Dear Faculty, Staff, Alumni and Friends,
During October, I had the good fortune and privilege to visit the School of Architecture Fluid Campus™ locations in Genoa and Barcelona. What an amazing opportunity for our students, and what a treat for me to be able to do this in the middle of a semester.
We had to pause both programs during the height of COVID-19. Brilliantly, the team in Genoa used the time to engage in a full-scale renovation of the Villa, formally called The Charles E. Daniel Center for Building Research and Urban Studies. The 19th-century building is nestled in the middle of the large hill that rises quite steeply from the historic and famous harbor of Genoa. The view of the Mediterranean from the Villa’s terrace is jaw-dropping.
The upper floor of the building is large enough to house the 15-20 mostly undergraduate students who go there for one semester at the end of their junior or beginning of their senior year. The main floor is used for workspace and includes rooms with worktables, the library, as well as a seminar room for classwork and reviews. The basement has the large kitchen and dining area. Christina, the cook, is there every weekday making lunch and dinner for the students. Yummy!
It’s a family home away from home, brilliantly managed and run by Silvia Siboldi. One of the days I was there, the students presented their work in progress at a review with feedback from the famous architect Mark Carroll, who happens to be Silvia’s husband, and three other Genoa architects–Giuditta Poletti, Luca Rocco and Danilo Vespier–who are teaching our students. The next morning, we went on a field trip to the studios of Renzo Piano, just outside Genoa. Piano is the architect of some of the most iconic buildings of the last half century around the world.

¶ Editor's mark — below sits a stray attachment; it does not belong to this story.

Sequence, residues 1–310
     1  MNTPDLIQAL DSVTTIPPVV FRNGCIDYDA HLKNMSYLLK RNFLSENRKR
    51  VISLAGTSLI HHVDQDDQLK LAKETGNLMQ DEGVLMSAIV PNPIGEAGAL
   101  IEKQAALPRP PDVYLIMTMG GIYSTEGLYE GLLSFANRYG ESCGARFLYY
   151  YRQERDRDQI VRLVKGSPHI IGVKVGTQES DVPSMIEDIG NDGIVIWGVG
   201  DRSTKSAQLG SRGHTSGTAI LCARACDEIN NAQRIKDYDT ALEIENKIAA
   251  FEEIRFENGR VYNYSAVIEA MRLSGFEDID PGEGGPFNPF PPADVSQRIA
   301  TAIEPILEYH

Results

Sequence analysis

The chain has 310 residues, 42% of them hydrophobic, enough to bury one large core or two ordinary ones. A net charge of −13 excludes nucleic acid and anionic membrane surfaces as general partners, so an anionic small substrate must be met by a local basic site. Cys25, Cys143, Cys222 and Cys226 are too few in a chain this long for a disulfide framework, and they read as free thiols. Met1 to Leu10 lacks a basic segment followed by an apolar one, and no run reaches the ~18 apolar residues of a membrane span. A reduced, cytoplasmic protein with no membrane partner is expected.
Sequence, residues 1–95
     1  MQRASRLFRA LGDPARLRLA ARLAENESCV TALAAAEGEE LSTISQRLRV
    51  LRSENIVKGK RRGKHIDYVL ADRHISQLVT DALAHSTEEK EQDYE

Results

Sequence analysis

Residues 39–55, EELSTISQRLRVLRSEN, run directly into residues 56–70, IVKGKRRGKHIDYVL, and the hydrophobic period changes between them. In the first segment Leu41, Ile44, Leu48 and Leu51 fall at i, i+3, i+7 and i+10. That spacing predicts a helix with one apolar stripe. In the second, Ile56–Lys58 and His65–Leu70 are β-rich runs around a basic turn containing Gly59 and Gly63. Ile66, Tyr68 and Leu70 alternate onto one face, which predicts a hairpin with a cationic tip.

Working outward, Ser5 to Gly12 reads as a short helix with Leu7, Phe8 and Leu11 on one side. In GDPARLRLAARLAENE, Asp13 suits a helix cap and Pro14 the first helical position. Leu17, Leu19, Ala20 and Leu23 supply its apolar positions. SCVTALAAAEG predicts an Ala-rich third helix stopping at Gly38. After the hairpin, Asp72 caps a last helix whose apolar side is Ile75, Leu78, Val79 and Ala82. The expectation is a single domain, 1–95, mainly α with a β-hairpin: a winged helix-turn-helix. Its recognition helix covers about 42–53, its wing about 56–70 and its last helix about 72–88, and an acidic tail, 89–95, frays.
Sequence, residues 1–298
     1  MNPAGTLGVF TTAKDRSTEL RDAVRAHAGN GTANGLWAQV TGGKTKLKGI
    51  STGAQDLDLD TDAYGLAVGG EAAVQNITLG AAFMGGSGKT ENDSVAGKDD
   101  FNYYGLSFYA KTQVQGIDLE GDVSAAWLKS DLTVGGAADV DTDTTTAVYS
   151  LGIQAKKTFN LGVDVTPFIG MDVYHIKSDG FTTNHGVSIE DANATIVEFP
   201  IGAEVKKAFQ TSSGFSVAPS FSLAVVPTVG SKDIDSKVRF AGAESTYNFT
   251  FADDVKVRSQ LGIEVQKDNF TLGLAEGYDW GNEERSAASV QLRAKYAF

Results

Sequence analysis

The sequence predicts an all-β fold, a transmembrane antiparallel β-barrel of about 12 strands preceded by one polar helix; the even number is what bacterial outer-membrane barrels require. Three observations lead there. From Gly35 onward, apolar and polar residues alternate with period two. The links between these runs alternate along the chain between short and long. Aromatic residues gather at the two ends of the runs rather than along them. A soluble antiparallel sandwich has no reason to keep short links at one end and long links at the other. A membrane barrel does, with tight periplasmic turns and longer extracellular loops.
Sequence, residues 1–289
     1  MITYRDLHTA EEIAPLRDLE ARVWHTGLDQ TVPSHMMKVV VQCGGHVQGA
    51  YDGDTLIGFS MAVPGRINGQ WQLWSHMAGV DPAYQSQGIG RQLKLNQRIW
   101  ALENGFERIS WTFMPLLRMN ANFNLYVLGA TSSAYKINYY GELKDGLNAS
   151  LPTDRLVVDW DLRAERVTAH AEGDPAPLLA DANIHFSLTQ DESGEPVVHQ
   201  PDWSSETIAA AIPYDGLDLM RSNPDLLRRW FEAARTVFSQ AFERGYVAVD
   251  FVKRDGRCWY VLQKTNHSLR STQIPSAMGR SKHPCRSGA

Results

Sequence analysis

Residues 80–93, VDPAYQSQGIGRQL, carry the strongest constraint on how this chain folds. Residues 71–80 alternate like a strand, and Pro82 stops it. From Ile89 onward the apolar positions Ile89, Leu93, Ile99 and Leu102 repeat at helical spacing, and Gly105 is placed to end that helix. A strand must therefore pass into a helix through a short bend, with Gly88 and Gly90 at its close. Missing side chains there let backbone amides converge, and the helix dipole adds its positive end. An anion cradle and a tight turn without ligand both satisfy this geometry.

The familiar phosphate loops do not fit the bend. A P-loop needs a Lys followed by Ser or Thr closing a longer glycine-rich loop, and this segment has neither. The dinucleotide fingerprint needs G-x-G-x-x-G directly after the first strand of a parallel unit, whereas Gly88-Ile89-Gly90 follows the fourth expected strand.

I couldn’t imagine anything competing with the setup we have in Genoa. But our Barcelona program is spectacular in its own right. There is no villa. Students live in a dorm facility and then walk through the city to the Barcelona Architecture Center (BAC) where they have their classes and work on their projects.
The building is a former bank, complete with impenetrable safe, that has been converted into an ideal workspace for architecture students. It is centrally located in the heart of this eminently walkable and architecturally rich and diverse city. Barcelona contains remnants of Roman buildings, experimental modernist architecture, and everything in between. In many instances, the buildings the students study are literally around the corner. Antoni Gaudi’s awe-inspiring La Sagrada Familia is a 10-minute walk away from the BAC.
The program is run by the eminent Barcelona architect, Miguel Roldán, administrative coordinator, Zana Bosnic, and a team of top-notch instructors and guest lecturers. The space is also shared by students from Texas A&M, many of whom have historically ended up coming to Clemson for their graduate degree. So, Barcelona provides an opportunity for our students not only to get fully immersed in the ebb and flow of navigating a world class city, but also widening their network amongst the future generation of architects.
Why do we use a special trademarked name to describe the Genoa, Barcelona and Charleston programs. Because this is not “study abroad” in the classical sense of the word, meaning a discrete experience outside of the normal course of study that adds value to the college experience. Our Fluid Campus™ system is precisely not something separate, but a carefully calibrated comprehensive learning experience that is integral to the architecture program at Clemson.
And it is being run magnificently.
Nicholas Vazsonyi, Dean
College of Architecture, Arts and Humanities
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